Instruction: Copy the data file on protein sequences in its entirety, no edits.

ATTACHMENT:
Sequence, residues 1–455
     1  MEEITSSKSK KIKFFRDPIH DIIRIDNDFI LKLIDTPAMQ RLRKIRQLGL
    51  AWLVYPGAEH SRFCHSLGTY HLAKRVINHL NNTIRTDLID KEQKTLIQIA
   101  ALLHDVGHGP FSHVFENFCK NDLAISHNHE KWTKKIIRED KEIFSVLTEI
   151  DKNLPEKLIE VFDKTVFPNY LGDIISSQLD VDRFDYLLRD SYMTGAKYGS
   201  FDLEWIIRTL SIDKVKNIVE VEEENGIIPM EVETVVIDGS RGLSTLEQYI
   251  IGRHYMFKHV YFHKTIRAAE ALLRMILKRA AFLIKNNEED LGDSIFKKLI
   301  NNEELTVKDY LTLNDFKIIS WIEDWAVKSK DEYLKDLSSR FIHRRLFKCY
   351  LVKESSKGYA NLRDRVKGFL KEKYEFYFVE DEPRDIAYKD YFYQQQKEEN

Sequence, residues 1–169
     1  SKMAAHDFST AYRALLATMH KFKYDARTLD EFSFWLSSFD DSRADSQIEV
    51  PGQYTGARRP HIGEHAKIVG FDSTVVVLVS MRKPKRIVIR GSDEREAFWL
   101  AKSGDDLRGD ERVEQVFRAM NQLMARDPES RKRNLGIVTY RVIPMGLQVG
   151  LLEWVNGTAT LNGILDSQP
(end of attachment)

Sequence, residues 1–455
     1  MEEITSSKSK KIKFFRDPIH DIIRIDNDFI LKLIDTPAMQ RLRKIRQLGL
    51  AWLVYPGAEH SRFCHSLGTY HLAKRVINHL NNTIRTDLID KEQKTLIQIA
   101  ALLHDVGHGP FSHVFENFCK NDLAISHNHE KWTKKIIRED KEIFSVLTEI
   151  DKNLPEKLIE VFDKTVFPNY LGDIISSQLD VDRFDYLLRD SYMTGAKYGS
   201  FDLEWIIRTL SIDKVKNIVE VEEENGIIPM EVETVVIDGS RGLSTLEQYI
   251  IGRHYMFKHV YFHKTIRAAE ALLRMILKRA AFLIKNNEED LGDSIFKKLI
   301  NNEELTVKDY LTLNDFKIIS WIEDWAVKSK DEYLKDLSSR FIHRRLFKCY
   351  LVKESSKGYA NLRDRVKGFL KEKYEFYFVE DEPRDIAYKD YFYQQQKEEN

Sequence, residues 1–169
     1  SKMAAHDFST AYRALLATMH KFKYDARTLD EFSFWLSSFD DSRADSQIEV
    51  PGQYTGARRP HIGEHAKIVG FDSTVVVLVS MRKPKRIVIR GSDEREAFWL
   101  AKSGDDLRGD ERVEQVFRAM NQLMARDPES RKRNLGIVTY RVIPMGLQVG
   151  LLEWVNGTAT LNGILDSQP